For those of you who are familiar with my valuations of Linkedin and Groupon, you will note that I am more positive about Facebook than those companies. Part of that can be attributed to Facebook being further along in developing a business model that works and delivers profits. Another reason, though, is that Facebook has a real chance at being the next “winner take all” company. What am I talking about? In conventional businesses, a company that gets a large portion of the market is subject to competitive assaults that cap the market share and reduce profitability over time. In some parts of the technology business, controlling a large share of a market seems to give the winner the capacity to take over the whole market. Consider three big winners from the last 30 years. Microsoft started off in the “office suites’ competing with many players in the word processing, spreadsheet and presentation program businesses, but at some point, its dominance drove the competition out. To a lesser extent, Amazon’s dominance of online retailing and Google’s ownership of online advertising (so far) reflect similar “winner take all” phenomena. I am not suggesting that Facebook has a lock on social media advertising, but it has a chance to get a big chunk of it, and if it does, the value that I estimated will be too low. Note that the simulation does yield values of $120 billion or higher for the company, if the stars align.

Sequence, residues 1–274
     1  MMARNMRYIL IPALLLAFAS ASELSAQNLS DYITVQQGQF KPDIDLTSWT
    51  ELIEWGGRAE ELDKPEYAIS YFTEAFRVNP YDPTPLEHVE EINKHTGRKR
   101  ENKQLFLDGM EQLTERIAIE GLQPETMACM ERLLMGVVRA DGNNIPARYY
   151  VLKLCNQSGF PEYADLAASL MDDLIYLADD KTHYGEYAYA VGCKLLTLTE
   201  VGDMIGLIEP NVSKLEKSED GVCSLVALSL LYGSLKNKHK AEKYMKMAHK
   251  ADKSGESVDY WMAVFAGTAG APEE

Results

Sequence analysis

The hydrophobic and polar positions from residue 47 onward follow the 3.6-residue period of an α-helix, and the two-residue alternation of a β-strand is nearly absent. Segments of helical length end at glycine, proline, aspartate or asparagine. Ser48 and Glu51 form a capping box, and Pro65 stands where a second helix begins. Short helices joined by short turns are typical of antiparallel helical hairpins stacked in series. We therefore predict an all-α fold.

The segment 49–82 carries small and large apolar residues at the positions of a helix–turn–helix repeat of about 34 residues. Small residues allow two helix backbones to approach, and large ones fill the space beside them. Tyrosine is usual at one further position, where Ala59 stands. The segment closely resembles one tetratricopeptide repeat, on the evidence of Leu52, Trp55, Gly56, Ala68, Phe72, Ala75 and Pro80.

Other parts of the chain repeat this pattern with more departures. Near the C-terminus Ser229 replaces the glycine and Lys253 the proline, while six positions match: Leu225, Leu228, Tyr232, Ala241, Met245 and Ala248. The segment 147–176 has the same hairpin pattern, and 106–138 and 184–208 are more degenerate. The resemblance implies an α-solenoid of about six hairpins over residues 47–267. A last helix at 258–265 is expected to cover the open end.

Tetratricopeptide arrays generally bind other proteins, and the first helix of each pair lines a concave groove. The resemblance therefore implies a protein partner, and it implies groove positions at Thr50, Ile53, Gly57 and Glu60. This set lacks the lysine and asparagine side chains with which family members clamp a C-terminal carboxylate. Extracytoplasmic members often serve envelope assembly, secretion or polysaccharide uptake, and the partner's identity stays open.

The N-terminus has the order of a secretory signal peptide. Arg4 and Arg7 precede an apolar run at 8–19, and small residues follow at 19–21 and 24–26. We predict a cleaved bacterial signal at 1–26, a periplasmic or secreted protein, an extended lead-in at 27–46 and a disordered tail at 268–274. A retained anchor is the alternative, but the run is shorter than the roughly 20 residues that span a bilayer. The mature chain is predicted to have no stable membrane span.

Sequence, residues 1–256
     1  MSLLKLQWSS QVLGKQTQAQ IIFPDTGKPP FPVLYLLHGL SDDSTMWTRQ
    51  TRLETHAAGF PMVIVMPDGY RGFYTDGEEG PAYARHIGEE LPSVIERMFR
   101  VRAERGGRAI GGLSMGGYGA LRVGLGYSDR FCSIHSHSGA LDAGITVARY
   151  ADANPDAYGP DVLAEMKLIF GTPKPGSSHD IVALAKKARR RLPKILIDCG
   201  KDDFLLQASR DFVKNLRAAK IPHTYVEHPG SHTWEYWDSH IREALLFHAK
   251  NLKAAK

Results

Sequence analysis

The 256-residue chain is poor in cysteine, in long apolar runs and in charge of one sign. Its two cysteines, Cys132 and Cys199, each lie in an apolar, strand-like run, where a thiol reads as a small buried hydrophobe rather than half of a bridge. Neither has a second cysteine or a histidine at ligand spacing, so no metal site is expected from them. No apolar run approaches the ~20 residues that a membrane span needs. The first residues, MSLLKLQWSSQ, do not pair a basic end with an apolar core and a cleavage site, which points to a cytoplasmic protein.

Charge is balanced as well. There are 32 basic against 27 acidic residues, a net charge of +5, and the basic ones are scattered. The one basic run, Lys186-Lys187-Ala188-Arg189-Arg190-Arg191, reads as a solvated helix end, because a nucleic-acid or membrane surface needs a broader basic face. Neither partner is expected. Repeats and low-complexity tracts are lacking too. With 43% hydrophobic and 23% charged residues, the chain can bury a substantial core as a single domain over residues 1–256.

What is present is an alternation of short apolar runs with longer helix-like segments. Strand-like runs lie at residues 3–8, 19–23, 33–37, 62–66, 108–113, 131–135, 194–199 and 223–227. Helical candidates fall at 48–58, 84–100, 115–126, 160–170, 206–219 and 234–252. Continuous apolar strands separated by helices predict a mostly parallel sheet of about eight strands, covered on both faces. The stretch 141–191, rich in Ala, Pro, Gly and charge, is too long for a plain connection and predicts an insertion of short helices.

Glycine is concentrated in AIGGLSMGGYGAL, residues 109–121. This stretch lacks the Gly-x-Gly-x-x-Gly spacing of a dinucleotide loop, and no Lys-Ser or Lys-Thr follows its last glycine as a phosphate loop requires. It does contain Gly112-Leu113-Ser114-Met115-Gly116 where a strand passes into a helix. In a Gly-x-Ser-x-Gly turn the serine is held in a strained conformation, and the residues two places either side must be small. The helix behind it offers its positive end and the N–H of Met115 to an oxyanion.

Would I buy Facebook stock, if its equity were valued at $75 billion? No, and not because I believe that the price is outlandish, but for two other reasons.

  • The first is that the price reflects the expectation that Facebook will become a phenomenal success. Anything less than superlative will be viewed as a failure.